Educational boards across the United States, are actively involved in a process of textbook reform. They, along with parents, students and other volunteers to decide which books contain accurate information, so that they may be used in the school curriculums in their respective states. At the forefront, is the California board of education. Parents, students and host of other volunteers have been working with the California curriculum commission to pore over suggested textbooks to find and eliminate inaccuracies relating to India and Indian culture, heritage etc. After a lot of time and effort spent by a lot of people a list of suggested changes were approved by the commission. Most changes were related to historical and cultural inaccuracies about India, Hinduism, etc. Just as it seemed that the process was on the verge of completion, there was a large spanner in the works.
Enter Michael Witzel and his band of India-baiters. According to this group, all the changes that were suggested were done so at the bequest of pro-Hindutva groups to conform to their religious-political views! Apparently there is a hidden agenda involved in removing inaccuracies from text-books ! These academics (most of whom are not of Indian origin mind you) who seem to know more about India and its culture that Indians suggest that this process has more to do with religion and politics rather than ensuring that the next generation does not arrive into the world with a jaundice view of India!
Anyways, this gets more interesting...Michael Witzel sent a letter to the California state board of education on a Harvard letterhead ! Now the interesting question that follows is...
"does Harvard University support or even condone this particular viewpoint of one of its faculty members, since the letter has been sent on its official letterhead?"Once would really appreciate their comments on this topic. But, none has been forthcoming. Was this a feeble attempt at trying to scare the school board with an officious letter (one from Harvard no doubt). Did these people have the official sanction of one of the older and most respected the universities in the world ? Why did Michael Witzel remove the link to the above letter as soon as word got out that he had used the letterhead without consent from Harvard ? Fortunately, enough people had copied and cached the original.
Adding spice to the this incident are the comments by Witzel and his coterie on the Indo-Eurasian list. Quoted below are certain excerpts from an email sent by Witzel on this list...
The Hindus in North America ( HINAs) are not just hiina, "lost, abandoned", but they (understandably) cling to their homeland in all manners they can come up with. "Reforming" our schoolbooks according to an imagined Golden Age (Ram Raj), hoary India is just one of the expressions we can observe.Well, hiina, definitely has more connotations than just lost or abandoned. It means without, deprived of. It also means base and lowly and is probably one of the most derogatory words in the language. Doesn't Witzel, an Indian expert and his group of experts know this? Is this a deliberate attempt at trampling on the Indian community in the US ? Is it unacceptable for expatriates to want to feel at home and learn understand and stick to their culture ? Why is it made to sound like a crime ?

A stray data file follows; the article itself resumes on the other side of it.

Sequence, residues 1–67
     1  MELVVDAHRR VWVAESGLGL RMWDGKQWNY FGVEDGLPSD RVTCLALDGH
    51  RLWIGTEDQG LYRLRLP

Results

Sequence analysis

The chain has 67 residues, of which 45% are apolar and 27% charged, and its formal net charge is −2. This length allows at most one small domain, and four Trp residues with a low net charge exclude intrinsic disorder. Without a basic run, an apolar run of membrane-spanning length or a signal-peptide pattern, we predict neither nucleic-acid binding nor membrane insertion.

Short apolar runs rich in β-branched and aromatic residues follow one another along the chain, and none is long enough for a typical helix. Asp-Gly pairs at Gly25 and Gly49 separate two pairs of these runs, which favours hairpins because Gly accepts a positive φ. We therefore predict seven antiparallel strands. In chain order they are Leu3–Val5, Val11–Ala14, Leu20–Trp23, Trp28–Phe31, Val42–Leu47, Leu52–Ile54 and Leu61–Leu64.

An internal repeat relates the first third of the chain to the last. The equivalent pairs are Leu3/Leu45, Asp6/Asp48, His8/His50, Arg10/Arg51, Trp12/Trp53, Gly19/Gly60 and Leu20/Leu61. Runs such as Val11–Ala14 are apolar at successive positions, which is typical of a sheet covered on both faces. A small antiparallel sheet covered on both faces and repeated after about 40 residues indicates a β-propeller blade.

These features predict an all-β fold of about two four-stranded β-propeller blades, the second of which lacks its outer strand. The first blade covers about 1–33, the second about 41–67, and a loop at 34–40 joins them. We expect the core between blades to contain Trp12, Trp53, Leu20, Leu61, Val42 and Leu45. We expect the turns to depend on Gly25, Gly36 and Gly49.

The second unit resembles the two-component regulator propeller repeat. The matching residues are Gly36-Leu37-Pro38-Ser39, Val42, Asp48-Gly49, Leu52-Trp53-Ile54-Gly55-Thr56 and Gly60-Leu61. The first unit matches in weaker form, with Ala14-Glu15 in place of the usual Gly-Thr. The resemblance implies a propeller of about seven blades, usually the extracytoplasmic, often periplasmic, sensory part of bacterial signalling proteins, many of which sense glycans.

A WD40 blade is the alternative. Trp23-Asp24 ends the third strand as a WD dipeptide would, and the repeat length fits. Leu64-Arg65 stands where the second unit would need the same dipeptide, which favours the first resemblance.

This particular excerpt...
They also tell their daughters to study Classical Indian dance (not exactly a highly regarded occupation back home)This comment is shocking enough that I believe it doesn't warrant any further comments from anyone else.
More comments from the same list...
they build many temples and have Sunday schools (as many other ethnicities do). But, they hardly invest in Higher Education as other successful Asians have done. Nor allow their children to study items outside Law or Medicine, such as Indian Studies, --- the only way that members of their group could speak with real authority (for example, in school books).Hmmm...people of Indian origin have probably among the most educated and well-placed people in the country. Indians are always involved in improving the community, and giving back. They just do not make that much of a noise about it. They are also the best behaved and law-abiding citizens and pay their taxes (all of which cannot really be stated about any other community in the United States). So, how is it that there is little or no opposition to the construction of synagogues, mosques, churches of various denominations and even temples dedicated to Satan ? Doesn't this personify hypocrisy at its worst ? And very few people dictate what their children to study what they want. Students typically pick engineering and medicine because these fields provide the best opportunities for career growth and income. Where would this country be without it quota of highly-qualified Indians? And why would any person of Indian origin wish to take up Indian studies, where eminent scholars like Witzel are bashing India at every nook and corner ?